Forklift Brakes - A brake drum is in which the friction is provided by the brake shoes or brake pads. The shoes or pads press up against the rotating brake drum. There are some other brake drums kinds along with certain specific differences. A "break drum" will generally refer to if either shoes or pads press onto the interior surface of the drum. A "clasp brake" is the term used in order to describe when shoes press next to the exterior of the drum. Another kind of brake, called a "band brake" uses a flexible band or belt to wrap around the exterior of the drum. Whenever the drum is pinched in between two shoes, it can be referred to as a "pinch brake drum." Like a standard disc brake, these types of brakes are somewhat uncommon.
Before the year 1995, early brake drums required consistent modification regularly to be able to compensate for drum and shoe wear. Long brake pedal or "Low pedal" travel is the hazardous outcome if modifications are not done satisfactorily. The motor vehicle could become dangerous and the brakes could become ineffective whenever low pedal is combined along with brake fade.
There are quite a few different Self-Adjusting systems for braking available these days. They could be classed into two individual categories, the RAI and RAD. RAI systems are built in systems that help the apparatus recover from overheating. The most well known RAI manufacturers are Lucas, Bosch, AP and Bendix. The most famous RAD systems comprise AP, Bendix, Ford recovery systems and Volkswagen, VAG.
Self-repositioning brakes generally use a device which engages only whenever the vehicle is being stopped from reverse motion. This stopping method is suitable for use where all wheels use brake drums. Nearly all vehicles now utilize disc brakes on the front wheels. By working only in reverse it is less possible that the brakes will be applied while hot and the brake drums are expanded. If adapted while hot, "dragging brakes" can occur, which increases fuel consumption and accelerates wear. A ratchet mechanism that becomes engaged as the hand brake is set is another way the self repositioning brakes can work. This means is only appropriate in functions where rear brake drums are utilized. Whenever the emergency or parking brake actuator lever exceeds a specific amount of travel, the ratchet advances an adjuster screw and the brake shoes move in the direction of the drum.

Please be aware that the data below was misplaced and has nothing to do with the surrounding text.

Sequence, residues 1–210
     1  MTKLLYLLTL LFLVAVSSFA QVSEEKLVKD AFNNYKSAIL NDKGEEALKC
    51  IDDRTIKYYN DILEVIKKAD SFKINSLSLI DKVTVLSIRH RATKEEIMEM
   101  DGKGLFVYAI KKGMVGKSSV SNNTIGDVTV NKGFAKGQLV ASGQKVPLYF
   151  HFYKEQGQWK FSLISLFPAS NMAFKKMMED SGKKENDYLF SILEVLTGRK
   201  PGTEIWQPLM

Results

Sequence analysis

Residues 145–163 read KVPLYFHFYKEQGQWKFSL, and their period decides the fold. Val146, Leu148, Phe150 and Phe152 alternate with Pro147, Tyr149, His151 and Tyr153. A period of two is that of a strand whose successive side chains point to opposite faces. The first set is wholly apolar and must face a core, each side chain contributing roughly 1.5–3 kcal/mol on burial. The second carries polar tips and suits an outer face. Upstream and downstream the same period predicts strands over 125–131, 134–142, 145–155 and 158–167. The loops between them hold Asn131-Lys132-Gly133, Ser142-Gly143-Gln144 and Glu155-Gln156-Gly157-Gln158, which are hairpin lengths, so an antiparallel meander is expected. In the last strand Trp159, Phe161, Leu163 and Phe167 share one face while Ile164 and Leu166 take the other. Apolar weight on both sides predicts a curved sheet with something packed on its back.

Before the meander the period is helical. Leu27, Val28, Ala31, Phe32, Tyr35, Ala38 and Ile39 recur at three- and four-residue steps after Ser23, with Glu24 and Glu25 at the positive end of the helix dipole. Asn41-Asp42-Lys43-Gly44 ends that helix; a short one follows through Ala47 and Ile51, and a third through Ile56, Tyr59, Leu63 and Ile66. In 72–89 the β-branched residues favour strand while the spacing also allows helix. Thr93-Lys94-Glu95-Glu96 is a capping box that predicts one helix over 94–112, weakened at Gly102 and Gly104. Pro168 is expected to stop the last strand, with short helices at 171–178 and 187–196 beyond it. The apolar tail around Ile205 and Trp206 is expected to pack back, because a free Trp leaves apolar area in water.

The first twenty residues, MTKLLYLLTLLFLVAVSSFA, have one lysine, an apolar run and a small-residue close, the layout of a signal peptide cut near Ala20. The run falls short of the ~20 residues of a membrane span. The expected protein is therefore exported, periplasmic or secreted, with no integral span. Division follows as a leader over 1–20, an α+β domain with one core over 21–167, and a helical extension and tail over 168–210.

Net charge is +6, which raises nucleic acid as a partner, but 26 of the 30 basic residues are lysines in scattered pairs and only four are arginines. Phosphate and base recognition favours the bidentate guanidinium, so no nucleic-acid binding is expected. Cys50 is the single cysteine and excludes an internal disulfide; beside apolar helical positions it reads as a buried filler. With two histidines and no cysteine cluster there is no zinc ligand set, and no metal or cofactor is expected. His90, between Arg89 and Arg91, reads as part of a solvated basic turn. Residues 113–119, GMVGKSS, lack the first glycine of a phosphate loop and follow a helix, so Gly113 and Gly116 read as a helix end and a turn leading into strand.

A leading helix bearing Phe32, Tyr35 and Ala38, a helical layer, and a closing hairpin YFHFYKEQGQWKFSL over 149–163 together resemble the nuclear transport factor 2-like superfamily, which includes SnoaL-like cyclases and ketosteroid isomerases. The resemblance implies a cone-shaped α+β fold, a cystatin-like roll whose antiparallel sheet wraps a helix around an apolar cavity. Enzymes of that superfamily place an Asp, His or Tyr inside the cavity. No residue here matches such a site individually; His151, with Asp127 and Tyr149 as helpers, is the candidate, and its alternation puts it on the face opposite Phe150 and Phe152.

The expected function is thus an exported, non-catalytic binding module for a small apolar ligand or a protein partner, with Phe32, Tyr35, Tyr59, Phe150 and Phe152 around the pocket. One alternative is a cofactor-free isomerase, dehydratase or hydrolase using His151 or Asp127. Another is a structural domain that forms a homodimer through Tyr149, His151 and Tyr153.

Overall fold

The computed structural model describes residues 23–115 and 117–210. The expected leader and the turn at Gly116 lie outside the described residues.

There is a manual adjustment knob located at the bottom of the drum. It is typically adjusted via a hole on the other side of the wheel and this requires getting underneath the forklift using a flathead screwdriver. It is of utmost importance to move the click wheel properly and adjust every wheel evenly. If unequal adjustment occurs, the vehicle can pull to one side during heavy braking. The most effective way so as to ensure this tiresome task is done carefully is to either lift each wheel off the ground and spin it by hand while measuring how much force it takes and feeling if the shoes are dragging, or give each one the exact amount of manual clicks and then do a road test.
Click to Download the pdf